My Fireplace is Sucking the Heat Out of My House!

I grew up in an 1880’s Victorian house in New England that was built, coincidentally, right about the time central heating systems began finding their way into American and European houses. Before that time, most houses wereDylan CHalk House Talk heated by burning wood and coal in fireplaces. Our old house reflected this technological transition because it had both an antique boiler as a central heating system and the legacy of fireplaces in nearly every room with multiple masonry chimneys lofting from the roofline. By the time we got to live in the house, many of the old fireplaces had been covered up and were no longer in use, but it was neat to see them scattered about the house; relics of times gone by. Here is a YouTube video of the house now; all fixed up and lacking the peeling paint on the exterior which characterized our ownership. You can see all the old fireplaces if you look.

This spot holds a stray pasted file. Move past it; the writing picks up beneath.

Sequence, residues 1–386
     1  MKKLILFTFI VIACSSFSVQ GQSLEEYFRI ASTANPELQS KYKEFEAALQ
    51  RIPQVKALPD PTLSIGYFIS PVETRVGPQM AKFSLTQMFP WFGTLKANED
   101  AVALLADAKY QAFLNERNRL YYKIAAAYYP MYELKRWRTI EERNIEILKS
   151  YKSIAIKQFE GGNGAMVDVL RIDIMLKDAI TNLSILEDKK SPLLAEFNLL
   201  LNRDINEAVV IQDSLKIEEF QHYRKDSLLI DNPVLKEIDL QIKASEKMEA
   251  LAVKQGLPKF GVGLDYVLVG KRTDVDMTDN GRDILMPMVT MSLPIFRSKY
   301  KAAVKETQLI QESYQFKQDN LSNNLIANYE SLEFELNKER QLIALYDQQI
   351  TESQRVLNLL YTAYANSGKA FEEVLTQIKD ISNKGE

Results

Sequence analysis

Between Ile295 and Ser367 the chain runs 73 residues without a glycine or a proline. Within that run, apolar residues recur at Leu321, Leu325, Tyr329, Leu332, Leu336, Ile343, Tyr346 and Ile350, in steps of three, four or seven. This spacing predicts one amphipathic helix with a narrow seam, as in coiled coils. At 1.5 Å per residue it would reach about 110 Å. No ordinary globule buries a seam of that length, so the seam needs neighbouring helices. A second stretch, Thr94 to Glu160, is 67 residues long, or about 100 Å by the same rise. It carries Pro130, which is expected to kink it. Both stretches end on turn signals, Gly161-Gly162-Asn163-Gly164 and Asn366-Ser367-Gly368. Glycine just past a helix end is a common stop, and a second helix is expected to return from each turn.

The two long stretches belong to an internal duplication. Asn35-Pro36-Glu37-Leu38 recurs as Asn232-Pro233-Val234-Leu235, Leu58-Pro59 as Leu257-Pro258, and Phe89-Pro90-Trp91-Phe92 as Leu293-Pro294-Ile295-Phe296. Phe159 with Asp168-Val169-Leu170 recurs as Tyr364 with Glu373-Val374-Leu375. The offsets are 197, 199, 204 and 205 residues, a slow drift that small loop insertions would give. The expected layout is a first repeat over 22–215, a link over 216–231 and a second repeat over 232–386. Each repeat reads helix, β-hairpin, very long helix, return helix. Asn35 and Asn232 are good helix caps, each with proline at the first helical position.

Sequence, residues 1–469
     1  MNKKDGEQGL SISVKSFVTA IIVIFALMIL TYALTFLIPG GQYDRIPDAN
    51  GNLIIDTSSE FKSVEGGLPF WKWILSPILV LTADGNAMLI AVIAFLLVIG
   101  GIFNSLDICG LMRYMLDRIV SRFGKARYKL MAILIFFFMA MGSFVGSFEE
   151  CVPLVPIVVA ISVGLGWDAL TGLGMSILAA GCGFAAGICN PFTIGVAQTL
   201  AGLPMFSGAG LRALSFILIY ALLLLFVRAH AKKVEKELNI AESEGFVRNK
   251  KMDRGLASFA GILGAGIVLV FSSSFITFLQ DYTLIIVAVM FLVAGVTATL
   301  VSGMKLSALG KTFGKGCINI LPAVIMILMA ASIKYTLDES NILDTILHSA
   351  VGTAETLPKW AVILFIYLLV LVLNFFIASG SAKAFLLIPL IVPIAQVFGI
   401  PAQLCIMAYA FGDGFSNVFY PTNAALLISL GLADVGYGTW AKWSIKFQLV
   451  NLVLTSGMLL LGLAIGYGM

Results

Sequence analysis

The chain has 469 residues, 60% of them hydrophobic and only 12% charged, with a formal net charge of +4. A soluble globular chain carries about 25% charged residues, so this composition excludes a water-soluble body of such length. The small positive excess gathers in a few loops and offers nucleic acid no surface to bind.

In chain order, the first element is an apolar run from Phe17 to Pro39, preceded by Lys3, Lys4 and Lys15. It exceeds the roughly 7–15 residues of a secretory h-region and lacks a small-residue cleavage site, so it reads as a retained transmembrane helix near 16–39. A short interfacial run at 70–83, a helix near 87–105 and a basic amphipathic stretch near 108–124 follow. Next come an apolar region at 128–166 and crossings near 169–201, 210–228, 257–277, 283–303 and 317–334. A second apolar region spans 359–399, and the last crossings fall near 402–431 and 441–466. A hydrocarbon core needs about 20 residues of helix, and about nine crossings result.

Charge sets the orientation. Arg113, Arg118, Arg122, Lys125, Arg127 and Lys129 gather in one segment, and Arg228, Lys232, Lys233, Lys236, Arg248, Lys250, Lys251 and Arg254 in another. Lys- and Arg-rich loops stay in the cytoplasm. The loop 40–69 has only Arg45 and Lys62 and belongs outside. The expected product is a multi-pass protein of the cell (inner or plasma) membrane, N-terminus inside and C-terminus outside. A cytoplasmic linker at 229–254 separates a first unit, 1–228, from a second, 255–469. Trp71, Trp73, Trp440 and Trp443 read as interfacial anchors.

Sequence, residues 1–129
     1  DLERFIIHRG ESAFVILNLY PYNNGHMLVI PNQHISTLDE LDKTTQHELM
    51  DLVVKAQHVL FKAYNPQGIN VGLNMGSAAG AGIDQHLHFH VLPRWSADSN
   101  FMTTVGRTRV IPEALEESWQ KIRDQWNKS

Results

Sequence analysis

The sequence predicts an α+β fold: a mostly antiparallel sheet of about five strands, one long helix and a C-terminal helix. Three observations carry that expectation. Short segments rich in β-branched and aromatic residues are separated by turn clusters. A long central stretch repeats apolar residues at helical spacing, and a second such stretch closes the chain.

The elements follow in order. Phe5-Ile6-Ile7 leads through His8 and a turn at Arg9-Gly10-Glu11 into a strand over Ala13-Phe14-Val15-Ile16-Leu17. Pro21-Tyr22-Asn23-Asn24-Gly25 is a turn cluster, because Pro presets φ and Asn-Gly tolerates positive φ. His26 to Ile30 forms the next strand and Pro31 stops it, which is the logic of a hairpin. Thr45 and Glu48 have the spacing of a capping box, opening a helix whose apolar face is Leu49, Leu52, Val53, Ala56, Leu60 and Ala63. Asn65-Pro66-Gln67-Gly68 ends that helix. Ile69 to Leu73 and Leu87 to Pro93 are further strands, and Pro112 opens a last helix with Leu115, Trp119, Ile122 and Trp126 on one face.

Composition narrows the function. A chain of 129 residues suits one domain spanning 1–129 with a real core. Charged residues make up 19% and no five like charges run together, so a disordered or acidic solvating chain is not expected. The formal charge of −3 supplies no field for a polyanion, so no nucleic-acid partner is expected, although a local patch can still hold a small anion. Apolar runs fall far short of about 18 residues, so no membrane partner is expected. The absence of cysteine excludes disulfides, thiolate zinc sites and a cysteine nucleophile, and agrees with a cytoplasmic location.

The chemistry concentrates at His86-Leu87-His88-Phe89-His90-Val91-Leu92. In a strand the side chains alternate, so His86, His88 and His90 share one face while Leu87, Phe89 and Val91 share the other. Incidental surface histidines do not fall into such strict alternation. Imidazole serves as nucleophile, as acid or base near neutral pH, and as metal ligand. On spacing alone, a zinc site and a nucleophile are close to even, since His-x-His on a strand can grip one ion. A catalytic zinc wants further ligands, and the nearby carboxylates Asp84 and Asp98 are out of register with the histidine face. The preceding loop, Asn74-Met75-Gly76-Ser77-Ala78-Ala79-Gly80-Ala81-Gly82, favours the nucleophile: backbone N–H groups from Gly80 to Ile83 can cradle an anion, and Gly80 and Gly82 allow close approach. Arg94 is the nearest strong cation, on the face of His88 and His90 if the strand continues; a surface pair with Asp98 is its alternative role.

(This is a great example of how looking at houses works; once you know what to look for you start to see things differently… you start noticing all the old fireplaces.)

In the 1980’s when I was living in this house, heat came from an antique boiler system that fed steam to cast iron radiators which would knock and ping so loudly that at times I would awake at night convinced that an intruder had broken into the house and was whacking away on the iron pipes with a crowbar. This was a very big house, with large single paned windows, virtually no insulation and tall ceilings. After buying our first few tanks of heating oil, in our first winter in the house, my father quickly realized that a new strategy was needed for winter comfort: keep the thermostat for the central heat just high enough to keep the pipes from freezing and live in the family room with the wood burning fireplace going constantly.